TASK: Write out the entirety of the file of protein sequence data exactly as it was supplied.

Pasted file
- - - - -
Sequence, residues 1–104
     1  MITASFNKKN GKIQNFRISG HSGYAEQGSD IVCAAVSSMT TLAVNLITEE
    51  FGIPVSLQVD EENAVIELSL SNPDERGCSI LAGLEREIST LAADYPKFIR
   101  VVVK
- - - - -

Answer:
Sequence, residues 1–104
     1  MITASFNKKN GKIQNFRISG HSGYAEQGSD IVCAAVSSMT TLAVNLITEE
    51  FGIPVSLQVD EENAVIELSL SNPDERGCSI LAGLEREIST LAADYPKFIR
   101  VVVK